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"MARLENE": MODERNITY, MORTALITY, AND THE BIOPIC

LUCY FISCHER
Biography
Vol. 23, No. 1, THE BIOPIC (winter 2000), pp. 193-211
Stable URL: http://www.jstor.org/stable/23540209
Page Count: 19
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"MARLENE": MODERNITY, MORTALITY, AND THE BIOPIC
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Abstract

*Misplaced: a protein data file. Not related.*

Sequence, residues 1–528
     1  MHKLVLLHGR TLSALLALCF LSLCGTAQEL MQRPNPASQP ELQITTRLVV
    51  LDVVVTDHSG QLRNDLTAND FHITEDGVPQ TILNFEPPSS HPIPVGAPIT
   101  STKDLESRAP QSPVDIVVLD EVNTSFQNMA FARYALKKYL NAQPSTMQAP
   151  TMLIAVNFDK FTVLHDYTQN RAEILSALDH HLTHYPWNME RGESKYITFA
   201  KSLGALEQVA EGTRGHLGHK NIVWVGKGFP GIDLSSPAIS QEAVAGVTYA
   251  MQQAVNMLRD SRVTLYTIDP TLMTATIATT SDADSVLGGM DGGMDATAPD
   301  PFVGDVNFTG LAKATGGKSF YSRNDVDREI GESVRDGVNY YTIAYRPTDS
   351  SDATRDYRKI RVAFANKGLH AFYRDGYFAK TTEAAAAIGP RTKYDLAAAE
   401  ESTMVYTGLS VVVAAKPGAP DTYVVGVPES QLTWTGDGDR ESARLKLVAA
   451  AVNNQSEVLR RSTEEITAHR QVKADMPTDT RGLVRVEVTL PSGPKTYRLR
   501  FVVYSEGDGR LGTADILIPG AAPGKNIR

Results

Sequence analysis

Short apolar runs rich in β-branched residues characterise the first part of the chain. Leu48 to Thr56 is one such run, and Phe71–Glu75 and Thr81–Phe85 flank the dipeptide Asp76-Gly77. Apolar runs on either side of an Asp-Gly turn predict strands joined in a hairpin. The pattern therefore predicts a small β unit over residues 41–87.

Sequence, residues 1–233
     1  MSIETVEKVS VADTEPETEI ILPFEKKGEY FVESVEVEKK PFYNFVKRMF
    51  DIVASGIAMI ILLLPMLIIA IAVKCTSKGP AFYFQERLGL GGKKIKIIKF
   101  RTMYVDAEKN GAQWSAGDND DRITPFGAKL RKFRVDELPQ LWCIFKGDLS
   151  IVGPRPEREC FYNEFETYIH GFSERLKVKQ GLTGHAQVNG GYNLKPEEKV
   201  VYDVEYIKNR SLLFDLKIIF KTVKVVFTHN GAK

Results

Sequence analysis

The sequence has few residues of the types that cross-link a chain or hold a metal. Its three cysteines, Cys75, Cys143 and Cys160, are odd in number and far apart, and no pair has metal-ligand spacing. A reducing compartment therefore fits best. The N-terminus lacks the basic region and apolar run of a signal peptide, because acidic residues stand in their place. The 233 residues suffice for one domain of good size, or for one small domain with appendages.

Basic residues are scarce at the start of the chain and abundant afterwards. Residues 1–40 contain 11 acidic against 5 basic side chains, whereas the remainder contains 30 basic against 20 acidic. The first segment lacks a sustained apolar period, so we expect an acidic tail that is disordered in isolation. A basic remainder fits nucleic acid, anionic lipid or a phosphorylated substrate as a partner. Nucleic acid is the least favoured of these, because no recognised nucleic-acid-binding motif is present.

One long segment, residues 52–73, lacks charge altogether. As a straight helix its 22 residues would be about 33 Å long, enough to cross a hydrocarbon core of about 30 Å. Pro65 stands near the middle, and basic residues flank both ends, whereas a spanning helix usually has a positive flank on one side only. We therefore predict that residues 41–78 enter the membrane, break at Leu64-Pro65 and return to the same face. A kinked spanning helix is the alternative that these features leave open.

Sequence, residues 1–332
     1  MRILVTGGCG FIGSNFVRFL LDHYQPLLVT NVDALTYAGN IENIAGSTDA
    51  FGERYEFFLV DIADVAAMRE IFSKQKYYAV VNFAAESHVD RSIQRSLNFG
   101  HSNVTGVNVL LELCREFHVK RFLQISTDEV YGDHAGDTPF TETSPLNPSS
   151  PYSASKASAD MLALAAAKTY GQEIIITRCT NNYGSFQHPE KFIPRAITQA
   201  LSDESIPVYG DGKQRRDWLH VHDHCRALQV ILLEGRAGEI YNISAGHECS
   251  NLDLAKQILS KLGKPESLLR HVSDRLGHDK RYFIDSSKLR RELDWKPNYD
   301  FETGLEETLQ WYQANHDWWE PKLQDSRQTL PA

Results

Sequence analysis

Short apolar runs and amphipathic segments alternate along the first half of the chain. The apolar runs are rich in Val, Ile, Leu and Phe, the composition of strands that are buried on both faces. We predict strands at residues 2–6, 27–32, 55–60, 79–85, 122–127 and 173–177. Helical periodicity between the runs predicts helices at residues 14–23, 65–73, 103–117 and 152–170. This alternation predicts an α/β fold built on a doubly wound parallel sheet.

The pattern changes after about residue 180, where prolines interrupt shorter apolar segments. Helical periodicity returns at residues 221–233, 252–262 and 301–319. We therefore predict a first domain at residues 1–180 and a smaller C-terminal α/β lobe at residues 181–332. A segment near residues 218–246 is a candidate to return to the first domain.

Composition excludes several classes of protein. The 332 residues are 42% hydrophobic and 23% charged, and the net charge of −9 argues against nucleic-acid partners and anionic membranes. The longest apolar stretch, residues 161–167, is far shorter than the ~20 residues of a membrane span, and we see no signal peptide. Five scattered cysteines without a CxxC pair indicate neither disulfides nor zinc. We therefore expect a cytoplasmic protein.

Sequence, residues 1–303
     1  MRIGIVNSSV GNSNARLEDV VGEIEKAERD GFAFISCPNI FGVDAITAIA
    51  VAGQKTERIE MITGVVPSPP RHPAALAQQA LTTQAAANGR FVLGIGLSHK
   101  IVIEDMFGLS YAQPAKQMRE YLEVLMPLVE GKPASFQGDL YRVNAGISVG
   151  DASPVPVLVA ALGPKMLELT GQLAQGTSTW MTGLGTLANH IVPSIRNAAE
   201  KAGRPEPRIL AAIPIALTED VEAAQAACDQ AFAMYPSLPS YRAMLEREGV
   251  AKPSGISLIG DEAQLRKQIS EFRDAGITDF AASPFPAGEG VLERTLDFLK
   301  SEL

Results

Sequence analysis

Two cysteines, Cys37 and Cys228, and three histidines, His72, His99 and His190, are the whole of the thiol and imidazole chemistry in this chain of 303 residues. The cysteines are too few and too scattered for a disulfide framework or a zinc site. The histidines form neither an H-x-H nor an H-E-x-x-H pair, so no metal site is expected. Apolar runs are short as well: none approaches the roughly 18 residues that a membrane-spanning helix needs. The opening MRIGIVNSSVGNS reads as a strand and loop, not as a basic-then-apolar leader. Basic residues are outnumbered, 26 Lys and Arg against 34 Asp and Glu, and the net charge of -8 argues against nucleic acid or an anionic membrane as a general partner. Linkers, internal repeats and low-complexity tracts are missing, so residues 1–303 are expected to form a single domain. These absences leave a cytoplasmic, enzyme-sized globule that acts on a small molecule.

One of the major genres in Hollywood is the so-called "biopic," and, frequently, such films have focused on the life of a well-known actress: Gertrude Lawrence, Frances Farmer, or Susan Hayward, for instance. Just as recent cinema has re-worked genres like the western and the musical (in films like Silverado or Pennies from Heaven), so the biopic is subject to modernist or postmodernist elaboration. This is the project of Maximilian Schell's experimental biopic Marlene (1983)—which seeks to examine the life and career of Marlene Dietrich. Frustrating Schell's desire, however, is the fact that, although she commissioned the film, Dietrich refuses to appear in it, leaving the filmmaker/biographer to deal with only photographs and archival film footage. Nonetheless, this highly self-reflexive work raises questions about the nature of biography, the relationship between cinema and death, and the ontology of the film medium.

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